Survivors recall Pearl Harbor
Now, there are but 4 S.A. veterans of the attack
They stood in silence at 11:55 a.m. Friday as they have for years, marking the moment Japan launched an attack on Pearl Harbor that forced the United States into World War II.
The local veterans of that battle, a group of San Antonians who once boasted dozens of members, number only four now, and only two made it to their annual lunch, but their memories of that day 77 years ago are still strong.
One-time Radioman 1st Class William St. John and retired Tech. Sgt. Kenneth Platt, both 97, were surrounded by three dozen or so family and friends at the Barn Door, the North Side steakhouse where the reunion has been held for a number of years.
That was an accomplishment. “We're hoping for two, but they're not in very good shape,” Ernest Hernandez had said earlier in the week. His wife, Irene, is an organizer for the Pearl Harbor Survivors Association's San Antonio chapter, which had a robust roster of 64 members in 1992. Two members have died in the past 13 months: retired Air Force Maj. Richard Anderson and John Buchanan.
Gilbert Meyer, who served aboard the USS Utah, was thought by organizers to be observing the anniversary in Hawaii. Another survivor, retired Army Col. Bill Hayes, lives in a local nursing home and didn’t make the gathering. He turned 100 last August and is said to have good and bad days.
Retired Army Maj. Virgil Lee Ward never belonged to the group when he lived here but attended its 2016 luncheon. He now lives in Duncanville, 13 miles south of Dallas. At 99, he’s planning on coming to San Antonio for a 100th birthday bash Feb. 2 — and he’s amazed about it.
“I consider myself lucky to get out,” said Ward, who served from 1935-65 and had close calls in World War II, the Korean conflict and Vietnam War. “I was just lucky all the way through.”
Nationwide, only a few can speak of being part of a battle that involved around 60,000 sailors, soldiers and pilots. Events across the country Friday saluted them. Commemorations in Texas, one of them at the National Museum of the Pacific War in Fredericksburg, mark the moment the battle began at 11:55 a.m.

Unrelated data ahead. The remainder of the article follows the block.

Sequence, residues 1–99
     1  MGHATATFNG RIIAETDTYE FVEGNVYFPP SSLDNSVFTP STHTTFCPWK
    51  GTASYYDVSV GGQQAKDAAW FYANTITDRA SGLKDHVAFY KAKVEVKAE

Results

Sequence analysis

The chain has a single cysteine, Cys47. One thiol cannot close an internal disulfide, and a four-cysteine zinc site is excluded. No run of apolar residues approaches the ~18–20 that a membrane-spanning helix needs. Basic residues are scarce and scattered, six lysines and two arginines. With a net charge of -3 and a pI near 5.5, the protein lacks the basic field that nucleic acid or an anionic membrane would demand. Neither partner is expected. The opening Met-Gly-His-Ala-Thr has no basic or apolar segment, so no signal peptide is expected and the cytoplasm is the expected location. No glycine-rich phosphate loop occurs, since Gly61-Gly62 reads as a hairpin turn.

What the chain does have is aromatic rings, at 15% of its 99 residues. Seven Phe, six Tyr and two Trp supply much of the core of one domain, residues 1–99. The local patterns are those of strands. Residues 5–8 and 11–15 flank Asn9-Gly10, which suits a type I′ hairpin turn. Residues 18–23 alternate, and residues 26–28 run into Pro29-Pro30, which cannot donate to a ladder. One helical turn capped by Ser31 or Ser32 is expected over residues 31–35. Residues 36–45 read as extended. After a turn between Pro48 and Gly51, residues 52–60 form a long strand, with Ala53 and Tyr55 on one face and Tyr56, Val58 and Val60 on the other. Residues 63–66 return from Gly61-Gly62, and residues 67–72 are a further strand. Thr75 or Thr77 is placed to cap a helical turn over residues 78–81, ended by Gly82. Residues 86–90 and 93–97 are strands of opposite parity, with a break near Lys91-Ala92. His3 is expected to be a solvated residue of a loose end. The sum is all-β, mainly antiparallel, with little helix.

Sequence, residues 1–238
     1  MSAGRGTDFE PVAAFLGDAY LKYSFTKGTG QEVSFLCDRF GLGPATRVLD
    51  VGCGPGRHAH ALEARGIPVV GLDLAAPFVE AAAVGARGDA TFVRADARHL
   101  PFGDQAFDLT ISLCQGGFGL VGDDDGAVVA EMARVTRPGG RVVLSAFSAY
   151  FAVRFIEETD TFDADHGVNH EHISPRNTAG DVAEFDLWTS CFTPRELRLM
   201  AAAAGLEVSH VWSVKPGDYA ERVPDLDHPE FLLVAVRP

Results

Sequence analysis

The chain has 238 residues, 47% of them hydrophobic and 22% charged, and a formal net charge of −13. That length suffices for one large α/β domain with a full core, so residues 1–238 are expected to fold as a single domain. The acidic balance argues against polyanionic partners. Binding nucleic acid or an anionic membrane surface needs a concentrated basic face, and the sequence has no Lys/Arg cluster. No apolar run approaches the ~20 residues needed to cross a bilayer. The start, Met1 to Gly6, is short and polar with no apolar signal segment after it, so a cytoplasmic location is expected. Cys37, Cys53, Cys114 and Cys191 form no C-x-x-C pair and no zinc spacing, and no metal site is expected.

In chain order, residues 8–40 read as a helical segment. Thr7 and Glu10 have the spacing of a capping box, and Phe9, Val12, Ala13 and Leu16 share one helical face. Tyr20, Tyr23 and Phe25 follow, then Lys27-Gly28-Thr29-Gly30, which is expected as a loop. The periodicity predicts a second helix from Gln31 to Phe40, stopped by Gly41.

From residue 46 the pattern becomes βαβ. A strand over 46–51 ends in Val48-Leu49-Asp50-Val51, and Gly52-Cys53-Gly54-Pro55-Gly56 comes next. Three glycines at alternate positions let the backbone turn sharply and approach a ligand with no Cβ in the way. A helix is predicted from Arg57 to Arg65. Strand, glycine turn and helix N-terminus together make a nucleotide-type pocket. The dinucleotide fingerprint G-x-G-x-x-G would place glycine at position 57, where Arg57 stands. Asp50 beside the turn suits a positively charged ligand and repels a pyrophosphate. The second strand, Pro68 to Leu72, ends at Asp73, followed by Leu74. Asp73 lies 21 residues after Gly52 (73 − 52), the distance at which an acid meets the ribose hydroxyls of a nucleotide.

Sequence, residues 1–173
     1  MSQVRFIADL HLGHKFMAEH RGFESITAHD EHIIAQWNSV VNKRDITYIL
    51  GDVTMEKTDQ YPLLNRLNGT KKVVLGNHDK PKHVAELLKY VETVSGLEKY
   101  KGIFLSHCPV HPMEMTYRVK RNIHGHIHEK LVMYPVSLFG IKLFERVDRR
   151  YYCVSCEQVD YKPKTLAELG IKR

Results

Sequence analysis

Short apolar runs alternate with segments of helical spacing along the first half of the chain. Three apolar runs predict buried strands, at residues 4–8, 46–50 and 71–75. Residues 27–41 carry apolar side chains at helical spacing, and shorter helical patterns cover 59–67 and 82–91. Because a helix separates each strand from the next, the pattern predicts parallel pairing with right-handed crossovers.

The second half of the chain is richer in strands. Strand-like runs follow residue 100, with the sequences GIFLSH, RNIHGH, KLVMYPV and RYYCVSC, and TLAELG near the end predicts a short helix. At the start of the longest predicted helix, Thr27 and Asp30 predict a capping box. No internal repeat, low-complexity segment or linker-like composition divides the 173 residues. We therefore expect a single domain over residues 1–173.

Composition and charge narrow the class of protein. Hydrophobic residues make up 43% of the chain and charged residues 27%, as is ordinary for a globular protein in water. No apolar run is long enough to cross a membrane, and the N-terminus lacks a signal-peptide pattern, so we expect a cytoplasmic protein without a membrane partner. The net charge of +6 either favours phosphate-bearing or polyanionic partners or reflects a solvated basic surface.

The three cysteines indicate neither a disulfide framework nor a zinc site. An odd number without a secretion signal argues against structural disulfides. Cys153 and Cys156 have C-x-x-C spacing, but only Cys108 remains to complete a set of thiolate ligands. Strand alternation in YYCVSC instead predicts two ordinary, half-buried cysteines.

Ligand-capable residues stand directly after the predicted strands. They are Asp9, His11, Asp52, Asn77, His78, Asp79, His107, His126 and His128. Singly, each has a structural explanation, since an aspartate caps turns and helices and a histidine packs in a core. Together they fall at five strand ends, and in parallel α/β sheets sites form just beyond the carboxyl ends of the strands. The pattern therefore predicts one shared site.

It was dawn in Hawaii. Waves of Japanese planes came out of the blue at 7:55 a.m., specks at first that grew larger and more menacing to confused and stunned onlookers on the ground.
A Japanese strike force of 353 aircraft had launched from the decks of four aircraft carriers. The attack lasted just 75 minutes and left 2,403 Americans dead, including 68 civilians, as the morning sky turned black from acrid smoke rising from Battleship Row.
The USS Arizona took nearly half of all the casualties, 1,177 killed. Now a memorial at Pearl Harbor, it was one of 21 U.S. ships damaged or destroyed in one of the war’s most lopsided and humiliating American defeats — and the Navy’s worst ever.
The next day, Japanese forces landed near Singapore and invaded Thailand. They seized Guam and invaded the Philippines on Dec. 10 and Burma on Dec. 11. They swept into British Borneo and Hong Kong and took Wake Island just before Christmas.
Eight U.S. battleships were sunk or damaged at Pearl Harbor. The Americans lost 169 planes to 29 Japanese. But perhaps the most important targets, three U.S. Pacific Fleet aircraft carriers, were out to sea on the day of the attack. They quickly formed the core of a Navy counterpunch that bloodied Japan in the Coral Sea and won a turning-point victory at the Battle of Midway that June.
Ward knew tensions between the U.S. and Japan were high — he had read a story about negotiations faltering between Japanese and American emissaries in Washington — but there was no hint of war. He had good reason to read: he earned extra money with a paper route, throwing the Honolulu Advertiser. It paid more than the Army, which cut him a $21-a-month check.
Ward was at the Post Exchange before dawn to collect his newspapers, but the clock struck 6:30 a.m., and then 7, and they didn’t arrive. Shortly after 7:55 a.m., he saw the fighters.
“They were flying in a formation when they first came in and then they split up, of course, and they were diving in the air where I was at and I was pretty close,” Ward recalled this week. He began trying to get back to his post at Diamond Head, a phone exchange he helped run as a Signal Corps soldier.
“It shook me up, of course, and not having been exposed to any such thing like that, it kind of scared me,” Ward said. “But the first thing I thought of was go to my duty station. I didn’t have any instructions from anybody on anything. I was just by myself.”
Like many soldiers, sailors and airmen, Platt was asleep in his bunk. A terrible but familiar noise roused him and others at Schofield Barracks as machine-gun bullets crashed through a window a few feet away. He dived beneath his bed.
Platt said he got to know the Japanese when he was stationed there after the war.
“They’re people just like we are,” Platt said. “I don’t blame the Japanese people. The leaders are the ones I blame for it.”
St. John had just gotten off the job with a fellow sailor, Woodrow Strauss. They worked at a newly established air station that had three 180-foot-tall towers on Kaneohe Bay.
Plane after plane dropped bombs in the distance before one enemy pilot flew closer and eyeballed him. But he had to avoid the towers — “otherwise he would have cut me in two,” St. John said.
“That’s the only thing that saved me.”
Kenneth Platt, left, talks with fellow Pearl Harbor survivor William St. John following a luncheon Friday in their honor.
A photo of Richard Anderson, a Pearl Harbor survivor who died last year, is at the luncheon table.
Retired Major Gen. Alfred Valenzuela, with Pearl Harbor survivor Radioman 1st Class William St. John, addresses a gathering of Pearl Harbor family members at the Barn Door on Friday.